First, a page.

Keywords: Cadmium, Fertilisers, Soils, Plants.
The very toxic nature to man of traces of cadmium (Cd) and estimates that some Europeans may already have average daily intakes approaching 75% of the WHO recommended maximum intake is a cause for concern. Plant based foodstuffs are the largest source of dietary Cd and, therefore, the relative contribution of direct Cd deposition to vegetation and soil Cd to the acquisition of Cd by plants is important but as yet largely unresolved. Analyses of archived soils taken from Rothamsted experiments since the 1850s shows that atmospheric deposition of Cd to soil has been a significant source but, within Europe at least, atmospheric emissions have declined appreciably since the mid 1960s. This decline suggests that phosphate fertilisers may become a significant source of soil Cd and controls on the amount of Cd they contain are in place, or are proposed, in a number of European countries. There is some suggestion of differences in the immediate availability of Cd in phosphate fertilisers and atmospheric depositions. Larger amounts of Cd can be added to soils in sewage sludge and animal manures but they are applied to a smaller area of land than phosphate fertilisers. Although Cd may be firmly complexed with the organic matter, plant Cd concentrations should be monitored for plants grown on soils receiving large amounts of these amendments.
Total dietary intake of Cd is related both to the amount of a foodstuff consumed and the concentration of Cd in it. In the developed countries most people have sufficient food available to them so that decreasing dietary intake requires decreasing Cd concentrations. Factors controlling plant Cd include: direct aerial deposits if these can be adsorbed, the evidence is that aerial emissions are declining; dilution effects when Cd uptake increases less than dry matter accumulation, the yield potential of many crops has increased; plant control over translocation, especially to grains, there is some evidence that this may occur with cereals; the addition of phosphate fertilisers, they encourage root growth and this may increase Cd uptake, the Cd they contain may also be readily available to plants; the declining availability of Cd added to soil from different sources if it reacts with other soil constituents, one of the most important ways of decreasing Cd uptake by plants is to maintain soils above pH water 6.5.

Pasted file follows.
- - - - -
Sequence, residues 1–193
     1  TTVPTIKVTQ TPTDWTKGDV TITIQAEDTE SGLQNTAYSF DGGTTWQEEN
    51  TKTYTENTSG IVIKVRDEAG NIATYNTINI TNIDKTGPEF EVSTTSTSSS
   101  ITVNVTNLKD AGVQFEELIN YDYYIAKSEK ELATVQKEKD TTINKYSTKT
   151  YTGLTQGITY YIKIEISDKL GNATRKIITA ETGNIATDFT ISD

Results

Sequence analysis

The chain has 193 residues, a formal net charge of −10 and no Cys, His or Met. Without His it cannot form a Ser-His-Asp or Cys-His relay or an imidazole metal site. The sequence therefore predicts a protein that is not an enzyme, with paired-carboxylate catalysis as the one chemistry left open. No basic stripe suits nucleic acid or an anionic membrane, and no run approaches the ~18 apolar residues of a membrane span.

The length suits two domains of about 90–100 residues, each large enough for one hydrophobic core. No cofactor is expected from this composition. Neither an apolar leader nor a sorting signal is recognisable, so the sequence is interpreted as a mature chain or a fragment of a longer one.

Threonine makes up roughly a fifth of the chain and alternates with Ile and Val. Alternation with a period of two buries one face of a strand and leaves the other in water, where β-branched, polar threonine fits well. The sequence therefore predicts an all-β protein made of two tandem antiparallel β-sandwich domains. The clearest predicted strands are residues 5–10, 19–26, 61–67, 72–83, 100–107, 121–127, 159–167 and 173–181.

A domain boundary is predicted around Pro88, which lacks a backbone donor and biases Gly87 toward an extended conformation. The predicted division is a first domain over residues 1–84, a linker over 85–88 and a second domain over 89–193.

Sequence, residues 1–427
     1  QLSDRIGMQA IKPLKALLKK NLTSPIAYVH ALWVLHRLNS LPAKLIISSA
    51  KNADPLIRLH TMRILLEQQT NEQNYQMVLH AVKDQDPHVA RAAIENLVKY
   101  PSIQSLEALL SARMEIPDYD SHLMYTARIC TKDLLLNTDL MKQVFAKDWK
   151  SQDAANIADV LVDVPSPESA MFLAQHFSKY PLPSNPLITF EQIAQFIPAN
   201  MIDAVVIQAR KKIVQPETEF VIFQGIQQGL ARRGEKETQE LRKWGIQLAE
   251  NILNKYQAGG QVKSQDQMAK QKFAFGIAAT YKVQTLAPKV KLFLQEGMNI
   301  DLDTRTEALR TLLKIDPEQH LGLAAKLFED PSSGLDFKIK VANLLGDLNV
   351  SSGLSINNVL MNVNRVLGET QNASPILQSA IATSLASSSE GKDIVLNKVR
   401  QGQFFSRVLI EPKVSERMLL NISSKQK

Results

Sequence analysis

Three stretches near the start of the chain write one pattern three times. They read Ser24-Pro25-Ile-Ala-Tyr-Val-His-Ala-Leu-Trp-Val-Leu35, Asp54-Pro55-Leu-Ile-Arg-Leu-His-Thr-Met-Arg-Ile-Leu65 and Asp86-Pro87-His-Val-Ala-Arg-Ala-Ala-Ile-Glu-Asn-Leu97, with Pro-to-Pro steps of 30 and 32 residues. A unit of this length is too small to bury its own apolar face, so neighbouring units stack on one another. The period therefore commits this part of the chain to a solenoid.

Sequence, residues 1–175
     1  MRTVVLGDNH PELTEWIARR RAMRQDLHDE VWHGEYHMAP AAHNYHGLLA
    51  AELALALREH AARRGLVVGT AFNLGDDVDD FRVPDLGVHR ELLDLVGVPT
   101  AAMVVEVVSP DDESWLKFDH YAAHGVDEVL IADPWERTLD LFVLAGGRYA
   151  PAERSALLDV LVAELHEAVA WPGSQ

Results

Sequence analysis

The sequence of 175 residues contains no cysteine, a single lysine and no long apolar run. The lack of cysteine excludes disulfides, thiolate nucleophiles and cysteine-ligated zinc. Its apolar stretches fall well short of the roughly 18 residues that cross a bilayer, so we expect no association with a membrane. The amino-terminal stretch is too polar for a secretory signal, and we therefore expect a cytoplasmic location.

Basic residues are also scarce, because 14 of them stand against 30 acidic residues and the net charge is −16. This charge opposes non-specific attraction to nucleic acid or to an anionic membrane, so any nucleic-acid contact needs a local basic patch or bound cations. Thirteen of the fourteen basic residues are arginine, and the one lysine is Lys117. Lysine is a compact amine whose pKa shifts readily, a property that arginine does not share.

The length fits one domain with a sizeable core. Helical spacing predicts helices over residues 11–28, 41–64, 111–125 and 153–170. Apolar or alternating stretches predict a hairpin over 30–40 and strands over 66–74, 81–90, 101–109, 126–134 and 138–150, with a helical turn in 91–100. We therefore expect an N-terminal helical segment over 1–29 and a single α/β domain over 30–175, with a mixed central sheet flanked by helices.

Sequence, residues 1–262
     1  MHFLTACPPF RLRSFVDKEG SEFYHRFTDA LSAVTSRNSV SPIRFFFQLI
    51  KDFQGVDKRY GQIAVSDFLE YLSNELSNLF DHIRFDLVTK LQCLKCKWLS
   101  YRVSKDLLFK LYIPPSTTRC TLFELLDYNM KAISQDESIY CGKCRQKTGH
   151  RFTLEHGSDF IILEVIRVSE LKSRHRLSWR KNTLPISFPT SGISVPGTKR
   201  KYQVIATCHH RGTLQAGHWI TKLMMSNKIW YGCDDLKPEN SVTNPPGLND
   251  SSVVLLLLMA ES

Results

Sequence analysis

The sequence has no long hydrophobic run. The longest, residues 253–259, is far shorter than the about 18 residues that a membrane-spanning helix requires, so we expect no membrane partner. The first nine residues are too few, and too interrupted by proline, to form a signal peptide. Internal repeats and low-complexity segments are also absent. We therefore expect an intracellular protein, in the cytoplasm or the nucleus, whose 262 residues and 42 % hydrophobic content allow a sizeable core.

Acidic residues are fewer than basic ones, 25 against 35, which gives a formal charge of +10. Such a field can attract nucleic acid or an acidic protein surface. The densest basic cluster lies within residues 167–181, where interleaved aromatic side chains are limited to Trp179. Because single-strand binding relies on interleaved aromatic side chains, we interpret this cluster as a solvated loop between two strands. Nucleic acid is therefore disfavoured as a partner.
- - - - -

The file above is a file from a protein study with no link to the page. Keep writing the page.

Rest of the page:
Resolution of the concerns about Cd and human health requires the construction of Cd balances for a range of soils and cropping systems where all factors, especially aerial inputs, leaching losses and changing soil Cd availability with time are monitored. Such balances are also essential to determine the effectiveness of government, fertiliser industry and farming practices on decreasing the level of Cd in plant based foodstuffs.
A E Johnston, IACR Rothamsted, Harpenden, UK.
K C Jones, University of Lancaster, Lancaster, UK
39 pages, 6 figures, 9 tables, 76 refs.